Good Times for Wal-Mart in Bad Economy

With 135 million Americans shopping at Wal-Mart every week, the retail giant's shoppers offer a revealing window into U.S. buying trends. But while consumer spending has fallen overall, Wal-Mart has seen sales of its discount items increase recently.

The retailer's surveys reveal what it calls "significant" changes in the consumer's condition.

Those changes were crystal clear in last week's government report on the gross domestic product, the broadest measure of the economy's health. It fell to a negative number this summer. And the No. 1 reason for the decline was a sharp drop-off in consumer spending, as consumers worried about their jobs and financial futures hunkered down.

Ninety percent of American consumers shop at Wal-Mart every year, and they are cutting back -- buying only what they need, when they need it.

A record 80 percent of Wal-Mart customers now cite "personal finance security" as their top concern, up from 65 percent a year ago, according to Wal-Mart's data.

At a Wal-Mart in Secaucus, N.J., Lisa Lauerman was worried about losing her job at a clothing boutique.

"There's not enough work. Not enough customers coming through the store that I work at, so they can't afford to pay me," Lauerman said.

Her husband, an electrician, watched his income fall as his overtime work disappeared this summer.

"What we're seeing because of the high prices earlier this year and the looming layoffs and more job losses, consumers can't afford food, fuel and prescription pharmacy items so they have to cut back in every single area," said retail consultant Burt Flickinger.

Almost every shopper ABC News met was looking for ways to scale back. One customer switched from purchasing meat, which is perishable, to canned tuna and soup because they last longer.

Store data shows that sales of generic brands are growing at 2½ times the rate of more expensive name brands.

Flickinger says that's because people are more bargain-conscious than ever: A bottle of Equate, Wal-Mart's private label mouthwash, sells for $2.78, while the same-size bottle of Listerine costs $6.92.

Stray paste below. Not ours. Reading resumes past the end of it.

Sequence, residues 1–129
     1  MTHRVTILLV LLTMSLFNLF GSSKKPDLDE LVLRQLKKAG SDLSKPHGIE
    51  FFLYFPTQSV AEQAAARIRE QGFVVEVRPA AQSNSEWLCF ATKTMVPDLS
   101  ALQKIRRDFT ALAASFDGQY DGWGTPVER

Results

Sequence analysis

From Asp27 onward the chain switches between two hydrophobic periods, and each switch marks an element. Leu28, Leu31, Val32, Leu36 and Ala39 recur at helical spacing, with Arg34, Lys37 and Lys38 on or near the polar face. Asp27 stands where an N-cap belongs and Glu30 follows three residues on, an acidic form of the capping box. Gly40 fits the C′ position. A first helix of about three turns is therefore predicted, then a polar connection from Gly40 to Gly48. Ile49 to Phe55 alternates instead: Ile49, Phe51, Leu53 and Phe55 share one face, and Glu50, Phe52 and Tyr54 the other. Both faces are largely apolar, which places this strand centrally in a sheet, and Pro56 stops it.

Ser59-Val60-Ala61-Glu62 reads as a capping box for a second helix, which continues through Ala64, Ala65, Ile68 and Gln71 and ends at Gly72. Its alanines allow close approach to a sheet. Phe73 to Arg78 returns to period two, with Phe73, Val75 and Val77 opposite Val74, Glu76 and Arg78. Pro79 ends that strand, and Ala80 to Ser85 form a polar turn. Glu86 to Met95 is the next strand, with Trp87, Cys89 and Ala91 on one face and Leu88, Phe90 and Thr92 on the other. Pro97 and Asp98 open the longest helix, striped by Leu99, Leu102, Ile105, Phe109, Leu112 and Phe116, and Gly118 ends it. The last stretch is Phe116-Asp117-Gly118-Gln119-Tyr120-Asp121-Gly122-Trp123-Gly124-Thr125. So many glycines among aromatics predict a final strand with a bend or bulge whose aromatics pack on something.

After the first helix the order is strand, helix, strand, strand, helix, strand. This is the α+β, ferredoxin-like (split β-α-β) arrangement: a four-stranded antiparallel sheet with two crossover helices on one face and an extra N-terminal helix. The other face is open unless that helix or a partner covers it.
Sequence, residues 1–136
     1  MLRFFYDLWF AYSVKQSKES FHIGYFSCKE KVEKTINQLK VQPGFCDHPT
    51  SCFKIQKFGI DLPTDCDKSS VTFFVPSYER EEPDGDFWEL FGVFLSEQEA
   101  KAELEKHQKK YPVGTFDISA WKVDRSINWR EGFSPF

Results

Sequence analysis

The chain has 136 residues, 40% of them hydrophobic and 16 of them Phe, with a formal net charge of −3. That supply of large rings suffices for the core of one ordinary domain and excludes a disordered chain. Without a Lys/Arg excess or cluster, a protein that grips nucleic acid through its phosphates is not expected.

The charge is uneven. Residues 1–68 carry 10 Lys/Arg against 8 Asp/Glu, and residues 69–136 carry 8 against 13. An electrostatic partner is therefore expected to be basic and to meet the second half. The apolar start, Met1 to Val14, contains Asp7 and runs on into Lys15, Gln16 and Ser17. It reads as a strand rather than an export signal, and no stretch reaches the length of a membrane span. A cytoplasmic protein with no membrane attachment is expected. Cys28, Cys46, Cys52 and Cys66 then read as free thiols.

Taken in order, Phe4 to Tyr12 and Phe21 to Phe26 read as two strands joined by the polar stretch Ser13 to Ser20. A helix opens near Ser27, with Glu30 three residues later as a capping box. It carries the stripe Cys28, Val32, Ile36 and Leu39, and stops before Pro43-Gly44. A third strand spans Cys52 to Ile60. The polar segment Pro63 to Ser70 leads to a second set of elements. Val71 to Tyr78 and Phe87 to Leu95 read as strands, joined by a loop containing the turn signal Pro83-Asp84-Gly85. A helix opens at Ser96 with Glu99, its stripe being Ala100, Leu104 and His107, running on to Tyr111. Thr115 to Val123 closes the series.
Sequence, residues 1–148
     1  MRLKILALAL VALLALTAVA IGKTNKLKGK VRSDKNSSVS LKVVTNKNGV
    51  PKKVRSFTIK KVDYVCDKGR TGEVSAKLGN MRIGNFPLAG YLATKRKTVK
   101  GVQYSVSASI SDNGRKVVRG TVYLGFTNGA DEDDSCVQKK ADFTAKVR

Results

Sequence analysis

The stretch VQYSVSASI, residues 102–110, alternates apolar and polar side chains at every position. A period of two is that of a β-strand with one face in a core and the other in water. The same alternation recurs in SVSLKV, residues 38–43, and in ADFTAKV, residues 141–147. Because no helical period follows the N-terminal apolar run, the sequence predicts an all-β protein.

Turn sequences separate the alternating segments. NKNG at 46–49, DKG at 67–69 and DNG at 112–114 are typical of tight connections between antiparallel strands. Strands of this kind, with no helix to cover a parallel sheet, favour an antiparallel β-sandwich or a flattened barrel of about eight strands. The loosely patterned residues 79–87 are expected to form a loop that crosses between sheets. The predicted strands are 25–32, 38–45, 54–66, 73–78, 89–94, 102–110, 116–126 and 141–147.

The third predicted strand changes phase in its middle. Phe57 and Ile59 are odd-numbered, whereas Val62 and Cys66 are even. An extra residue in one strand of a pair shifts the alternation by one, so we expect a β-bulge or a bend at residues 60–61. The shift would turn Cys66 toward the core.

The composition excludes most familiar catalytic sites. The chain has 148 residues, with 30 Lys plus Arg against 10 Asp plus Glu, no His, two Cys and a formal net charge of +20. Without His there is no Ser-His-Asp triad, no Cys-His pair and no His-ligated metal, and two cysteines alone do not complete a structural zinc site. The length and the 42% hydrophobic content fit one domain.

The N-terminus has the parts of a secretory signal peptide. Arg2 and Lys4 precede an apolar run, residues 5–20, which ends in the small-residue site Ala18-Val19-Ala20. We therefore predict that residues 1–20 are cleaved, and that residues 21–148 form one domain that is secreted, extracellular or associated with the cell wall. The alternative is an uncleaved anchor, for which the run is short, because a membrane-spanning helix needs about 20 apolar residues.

Consumers are also waiting for items to be on sale or deeply discounted before making a purchase.

"If it wasn't on sale, people weren't buying," said Flickinger, who makes regular visits to stores to talk to shoppers and analyze their buying patterns. "And if it was on sale people were only buying one item, where in the past they would have stocked up."

Wal-Mart is keenly aware of the strains its shoppers are under.

Wal-Mart shoppers have seen their paychecks drop an average of 3.6 percent in the last year while their average credit card debt has reached $9,800, according to company data, while inflation has pushed prices up almost 5 percent. With credit tight and home prices down on average 9 percent, most can no longer afford to borrow.

"What we're seeing in our stores is that credit is being used a lot less," said Stephen Quinn, Wal-Mart's chief marketing officer. "Maybe their credit is maxed out or they don't want to be taking on additional debt at this time. But we're seeing a lot more shopping with cash."

Wal-Mart is seeing another tell-tale sign of stress -- more people are shopping when they receive their paycheck, either on the first few days of the month or on the 15th and 16th of the month, with sales tapering off after that.

Sherry Marone, a Wal-Mart shopper, says that she struggles to make it from paycheck to paycheck.

"I got paid today, and it's already gone," she said.

The nation's largest retailer has for the most part remained unscathed from the slowdown. More than a year ago, Wal-Mart announced that it would scale back on opening new stores, focusing on existing stores and saving money to better accommodate its customers.

But unlike most other retailers, sales at Wal-Mart stores are up in the last month. As Flickinger said, "The worst of times in the economy tend to be the best of times for a Wal-Mart."